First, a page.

30 minutes is not enough: The need for increased transparency and greater financial literacy

It is widely accepted that the bootstraps narrative so often invoked in political grandstanding and on Facebook lacks the multicultural competency, historical or socioeconomic context to be as applicable as the Horatio Alger fairy tale stories from whence it came. Even though the bootstraps axiom is known to be flawed, it still somehow persists through a larger cultural narrative. Though imperfect, modern bootstraps lead to higher education for those able and privileged enough to have the opportunity.

This in itself is not surprising. There is little doubt that higher education is the most reliable way for an individual to elevate their personal socio-economic status, though equity of opportunity is demonstrably lacking due to significant systematic barriers and inequities. Regardless, the imperative is demonstrated in the research, with the Bureau of Labor Statistics, asserting the chances of an individual achieving positive occupational and socio-economic outcome are drastically diminished without higher education. Though illusive, and largely reserved for privileged elite, the modern American Dream is an economic one built on higher education.

The professional and economic imperatives for individuals to pursue higher education are clear. What is also clear is that the costs of higher education have risen faster than almost any other commodity since 1985, with, “college education inflation rate has risen nearly 500%.” Remarkably, though often maligned in the media and by consumers, every year in record numbers, students and families show up in droves. Accompanying the increase in costs has been an astronomical growth in student loan debt, with the average graduate in the class of 2016 holding $37,172.00. Nationally there are over 44 million individuals with student loans totaling over 1.3 trillion dollars in debt, and an awe inspiring 11% delinquency rate among active borrowers and nearly 5 million individuals en route to default.

How did we get to this point? A broader social and economic culture forcing students to pursue an endlessly expensive experience, and all they need to do is a brief online course that last 30 minutes? That is it. On the Student Loan Entrance Counseling web portal in a mere “20-30 minutes” students can watch a video, take a course, and in less time than an episode of Friends, they’re in, and quite often, for longer than they realize. There are myriad ways to unpack the monumental challenges presented within the student loan debt crisis currently facing higher education and they hold significant economic and ethical implications. What I find particularly challenging is the disproportionately high risk that low income and first generation college students, often from modest economic means and holding marginalized identities, take when they pursue higher education. To finance the dream, students who receive Pell Grants borrow at increased levels just for a chance to attend, thus financially overextending students lacking the familial financial capital to support them should they fall.  “Graduates who received Pell Grants were likely to borrow, and borrow more: 88 percent of graduates who received Pell Grants had student loans in 2012.” Complementing disproportionately high borrowing loads on more marginalized groups, there is a larger issue of financial illiteracy impacting students across the board in higher education. According to the Brookings Institute, in 2016 “Borrowers who are not aware they have any federal debt are surprisingly common. … Twenty-eight percent of first-year college students with federal debt reported that they did not have any federal debt, ” sentiments echoed by Bloomberg in another study found that talking to students at, “three Bay Area campuses, …just 6 percent of them knew how long they would be repaying the debt. Only 8 percent knew the interest rate,” ; an alarming lack of financial literacy.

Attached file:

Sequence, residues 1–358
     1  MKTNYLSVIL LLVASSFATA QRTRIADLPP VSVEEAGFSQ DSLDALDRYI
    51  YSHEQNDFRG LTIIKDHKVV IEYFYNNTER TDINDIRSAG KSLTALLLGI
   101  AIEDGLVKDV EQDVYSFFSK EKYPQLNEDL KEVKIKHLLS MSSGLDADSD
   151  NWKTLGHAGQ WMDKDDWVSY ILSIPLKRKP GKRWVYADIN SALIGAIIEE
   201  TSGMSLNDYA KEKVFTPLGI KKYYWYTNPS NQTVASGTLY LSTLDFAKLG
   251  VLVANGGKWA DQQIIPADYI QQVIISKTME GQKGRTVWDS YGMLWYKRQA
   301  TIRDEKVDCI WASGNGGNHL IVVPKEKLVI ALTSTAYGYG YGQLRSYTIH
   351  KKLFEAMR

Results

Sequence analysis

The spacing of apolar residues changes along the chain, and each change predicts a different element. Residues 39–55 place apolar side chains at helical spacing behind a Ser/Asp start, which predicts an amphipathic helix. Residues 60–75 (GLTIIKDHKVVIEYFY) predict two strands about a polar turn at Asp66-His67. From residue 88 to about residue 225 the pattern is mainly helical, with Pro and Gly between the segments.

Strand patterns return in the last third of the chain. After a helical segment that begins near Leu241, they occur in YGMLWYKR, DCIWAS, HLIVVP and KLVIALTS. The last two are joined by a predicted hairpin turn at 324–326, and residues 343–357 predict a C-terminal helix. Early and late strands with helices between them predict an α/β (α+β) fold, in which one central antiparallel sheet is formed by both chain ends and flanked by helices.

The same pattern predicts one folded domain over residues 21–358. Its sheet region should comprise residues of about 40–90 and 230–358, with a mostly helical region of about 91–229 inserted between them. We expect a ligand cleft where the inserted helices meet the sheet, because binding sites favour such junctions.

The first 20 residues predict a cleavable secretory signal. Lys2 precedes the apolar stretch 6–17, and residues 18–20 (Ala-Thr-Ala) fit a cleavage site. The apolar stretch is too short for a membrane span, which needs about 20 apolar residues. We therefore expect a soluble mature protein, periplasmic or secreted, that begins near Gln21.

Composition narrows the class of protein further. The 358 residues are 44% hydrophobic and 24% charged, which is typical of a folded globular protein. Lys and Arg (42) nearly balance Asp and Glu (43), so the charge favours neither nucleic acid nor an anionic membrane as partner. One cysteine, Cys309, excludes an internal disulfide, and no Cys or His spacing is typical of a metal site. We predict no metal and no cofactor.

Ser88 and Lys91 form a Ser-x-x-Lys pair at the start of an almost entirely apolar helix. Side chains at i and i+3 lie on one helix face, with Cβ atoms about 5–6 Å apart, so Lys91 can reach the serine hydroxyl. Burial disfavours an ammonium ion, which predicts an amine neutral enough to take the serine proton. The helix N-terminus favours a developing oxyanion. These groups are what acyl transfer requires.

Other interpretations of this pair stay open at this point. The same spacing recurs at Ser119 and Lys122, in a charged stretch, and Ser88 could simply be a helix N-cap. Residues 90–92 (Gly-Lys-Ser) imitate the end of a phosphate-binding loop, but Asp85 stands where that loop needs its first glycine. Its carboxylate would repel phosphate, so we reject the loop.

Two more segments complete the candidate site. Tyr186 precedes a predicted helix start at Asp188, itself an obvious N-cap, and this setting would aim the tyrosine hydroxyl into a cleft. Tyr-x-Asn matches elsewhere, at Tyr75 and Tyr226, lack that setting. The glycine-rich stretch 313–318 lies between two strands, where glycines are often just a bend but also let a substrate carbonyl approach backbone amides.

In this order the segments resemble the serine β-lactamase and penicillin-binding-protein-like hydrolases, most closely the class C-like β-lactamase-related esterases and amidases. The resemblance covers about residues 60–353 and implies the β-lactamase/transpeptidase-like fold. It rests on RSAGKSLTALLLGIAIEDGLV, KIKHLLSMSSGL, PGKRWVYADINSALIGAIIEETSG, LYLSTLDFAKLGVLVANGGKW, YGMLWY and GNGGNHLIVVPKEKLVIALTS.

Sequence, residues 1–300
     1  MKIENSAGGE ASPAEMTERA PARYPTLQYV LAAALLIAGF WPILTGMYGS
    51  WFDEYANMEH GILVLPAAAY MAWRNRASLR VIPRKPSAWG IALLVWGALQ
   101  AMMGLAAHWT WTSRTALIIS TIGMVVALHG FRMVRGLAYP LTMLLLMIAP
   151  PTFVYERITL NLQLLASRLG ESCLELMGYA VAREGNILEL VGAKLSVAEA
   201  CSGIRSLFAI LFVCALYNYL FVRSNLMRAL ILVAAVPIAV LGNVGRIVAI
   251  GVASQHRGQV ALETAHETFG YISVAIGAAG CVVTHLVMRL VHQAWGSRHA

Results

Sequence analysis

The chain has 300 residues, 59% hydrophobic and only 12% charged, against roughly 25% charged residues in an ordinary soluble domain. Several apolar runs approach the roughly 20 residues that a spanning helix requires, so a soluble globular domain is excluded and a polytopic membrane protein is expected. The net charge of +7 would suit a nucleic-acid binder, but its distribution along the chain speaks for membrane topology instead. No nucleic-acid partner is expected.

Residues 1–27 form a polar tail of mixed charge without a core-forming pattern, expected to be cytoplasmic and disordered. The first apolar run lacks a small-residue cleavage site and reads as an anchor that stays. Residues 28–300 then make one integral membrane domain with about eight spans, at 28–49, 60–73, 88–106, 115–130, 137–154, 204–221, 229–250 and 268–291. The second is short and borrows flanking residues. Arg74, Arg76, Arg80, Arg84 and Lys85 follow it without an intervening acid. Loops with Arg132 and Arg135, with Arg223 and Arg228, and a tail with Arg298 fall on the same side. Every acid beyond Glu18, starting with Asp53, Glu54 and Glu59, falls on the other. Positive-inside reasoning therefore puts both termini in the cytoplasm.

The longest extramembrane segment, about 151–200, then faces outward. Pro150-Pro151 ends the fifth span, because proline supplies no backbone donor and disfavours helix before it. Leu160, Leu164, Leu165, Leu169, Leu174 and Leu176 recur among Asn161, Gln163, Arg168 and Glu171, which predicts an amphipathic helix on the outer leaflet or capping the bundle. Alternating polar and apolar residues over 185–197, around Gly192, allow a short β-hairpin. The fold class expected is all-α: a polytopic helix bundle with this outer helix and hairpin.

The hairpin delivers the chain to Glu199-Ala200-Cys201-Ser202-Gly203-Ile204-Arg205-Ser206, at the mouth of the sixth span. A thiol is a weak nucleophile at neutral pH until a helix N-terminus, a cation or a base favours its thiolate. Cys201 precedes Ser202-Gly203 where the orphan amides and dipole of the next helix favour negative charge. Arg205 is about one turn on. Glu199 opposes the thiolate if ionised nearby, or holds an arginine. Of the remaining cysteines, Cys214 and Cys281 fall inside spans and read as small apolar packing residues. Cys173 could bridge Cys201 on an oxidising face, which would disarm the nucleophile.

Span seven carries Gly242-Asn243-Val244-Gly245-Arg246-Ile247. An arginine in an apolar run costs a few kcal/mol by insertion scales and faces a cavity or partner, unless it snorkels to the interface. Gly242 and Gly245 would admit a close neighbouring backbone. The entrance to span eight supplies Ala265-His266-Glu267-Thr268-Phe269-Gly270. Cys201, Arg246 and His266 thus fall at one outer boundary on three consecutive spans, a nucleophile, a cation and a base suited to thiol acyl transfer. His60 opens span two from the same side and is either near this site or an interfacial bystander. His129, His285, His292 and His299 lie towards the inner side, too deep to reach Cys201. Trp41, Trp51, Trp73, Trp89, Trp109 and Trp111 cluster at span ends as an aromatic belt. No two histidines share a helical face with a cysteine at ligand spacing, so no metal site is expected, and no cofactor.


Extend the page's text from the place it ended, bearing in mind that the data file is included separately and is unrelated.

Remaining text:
As higher education professionals there is a moral and ethical challenge that needs to be addressed, and often with students, it’s the $37,000.00 elephant in the room. Financial literacy is lacking and as advisers we need to find ways to more adequately prepare the students we serve for the financial realities of the decisions they’re making, even if it could potentially hurt the bottom line with an inconvenient truth. Truly, more than ever, successful attainment of higher education is a necessity for any individual looking to punch their ticket to the middle class, but the risks are real and it is the duty of the academy to make sure there is transparency and justice in the process.

Liam Danaher

(He, Him, His )

UVM HESA, 2018

Saint Michael’s College, 2009

 

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